Can someone refresh my memory on the difference between hard and very hard AI?
manual is not specific on the topic, it just says
historical -- balanced, no advantages
hard -- some logistical advantages
very hard -- some logistical and combat advantages
if my memory doesn't fail me, I believe you can't starve the AI under "very hard", am I right?
my question goes more for "hard"; does the AI still needs supply under "hard"; e.g. would the Allies AI starve at Bataan, if left unattended, or would it remain in supply forever?
Lotta bad info on the AI here, sorry for that.
Alfred provided a link to a prior thread and all of your questions are answered there.
The reason the manual is not specific about the AI is the manual pre-dates the AI. Worse, after it was written there were some very SERIOUS changes made to the game that adversely impacted the AI. These changes were made in favor of the PBEM "purists". I won't dig those discussion up, but feel free to search them up and read them. Anyway, those changes in some ways broke the AI rather badly and it has been in catch up mode ever since. The Ironman series puts many of the changes back in (in terms of the TOE's), but it can't completely fix all of the changes that were made. My last point is that, AFAIK, as part of the big change just before release, the effects of the AI difficulty settings were changed to be consistent with the other changes. (If that makes sense.)
That said, the newer AI scripts that Andy just released are really pretty good. I've been testing them and the AI does quite well for itself.
Further to PaxMondo's comments.
There was a very conscious decision made by the devs to not disclose in any great detail, the computer benefits (and disadvantages too) which result from the different difficulty levels. Forum searches will find a few dev comments on the subject, but they are couched in very general terms. This dev policy does make it hard for the general player to determine accurately what is the exact situation. Which is exactly what the devs wanted and as such it would be most inappropriate for me to breach the dev policy.
I will expand slightly on PaxMondo's observation of "breaking" the AI. The word "breaking" is too harsh for it implies that the computer opponent is useless. That is a claim often made by PBEM players who tend to talk nonsense about the AI, usually based on their limited experience of deliberately playing ahistorically implausibly which the historically plausible scripts cannot be made to react to such human behaviour. If the situation were reversed everyone would complain of (a) the AI cheating and (b) they had bought a game which was supposed to be based on the historical record. Imagine the outcry if there were a script for 7 Dec 1941 where the Japanese could use the first turn magic move bonus to land on the West Coast. Or to land sufficient forces to capture Pearl Harbor on 7 Dec 1941.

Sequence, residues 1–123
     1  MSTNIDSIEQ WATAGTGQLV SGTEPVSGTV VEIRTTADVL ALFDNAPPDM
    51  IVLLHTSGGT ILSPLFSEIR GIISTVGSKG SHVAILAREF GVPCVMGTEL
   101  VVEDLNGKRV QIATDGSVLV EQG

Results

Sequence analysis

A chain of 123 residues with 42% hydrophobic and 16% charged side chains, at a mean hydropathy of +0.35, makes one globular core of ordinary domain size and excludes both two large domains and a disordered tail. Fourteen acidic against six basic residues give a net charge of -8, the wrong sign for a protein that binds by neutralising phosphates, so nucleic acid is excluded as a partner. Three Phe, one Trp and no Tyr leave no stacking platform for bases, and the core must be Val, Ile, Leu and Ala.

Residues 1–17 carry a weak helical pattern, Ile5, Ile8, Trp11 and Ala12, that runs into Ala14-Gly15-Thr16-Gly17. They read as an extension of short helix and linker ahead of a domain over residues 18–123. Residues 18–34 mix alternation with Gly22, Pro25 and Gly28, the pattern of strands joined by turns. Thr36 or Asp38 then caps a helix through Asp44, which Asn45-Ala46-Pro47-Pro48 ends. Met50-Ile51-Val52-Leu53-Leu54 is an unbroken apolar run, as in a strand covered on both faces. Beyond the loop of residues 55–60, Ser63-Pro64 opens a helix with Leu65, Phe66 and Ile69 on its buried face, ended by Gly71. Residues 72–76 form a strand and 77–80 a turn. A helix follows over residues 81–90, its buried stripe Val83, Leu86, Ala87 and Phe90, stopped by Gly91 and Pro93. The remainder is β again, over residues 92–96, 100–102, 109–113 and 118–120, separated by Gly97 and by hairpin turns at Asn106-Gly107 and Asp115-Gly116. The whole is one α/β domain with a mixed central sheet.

It was one of the dev aims to improve the quality of the AE AI compared to that of classical WITP. It had been one of the loudest complaints of classical WITP players that the AI was not sufficiently challenging. Originally it was thought this widespread complaint could be mainly addressed via the medium of the new scripts. However a couple of years into the development it became obvious that the other AE improvements were unmasking even further the classical WITP AI limitations. To fix this necessitated throwing out the old AI and basically writing a new one which would better support the AE improvements and scripts. Needless to say, the available time to accomplish this task was less than the ideal.
To further complicate the AI development was the constant tension between making the AI better and players complaining they couldn't beat it. Yes the AI is not as strong as it could be because there are too many forum cry babies who simply can't handle being defeated by the computer. These cry babies are the posters who create the loop from hell:
- do anything to beat the computer (includes repeating until memorised the exact computer moves so that once learnt the human can take advantage of this knowledge, or redoing the turn until a new favourable outcome results, or using hindsight and disregard of historical political limitations to hit enemy weak points)
- then complain the AI is too weak
- when improved AI/script/computer OOB is provided, complain the AI cheats/is unhistorical, often then abandoning the game not accepting they have been defeated by the computer, (but had a human opponent similarly abandoned the game, would bask in the glory of having won as their human opponent had resigned)
- return to start of loop of doing anything to beat the computer
With all the unfair restricti8ons placed on Andy Mac et al, it is remarkable how well he has succeeded in making the AI challenging for those who don't engage in the loop from hell.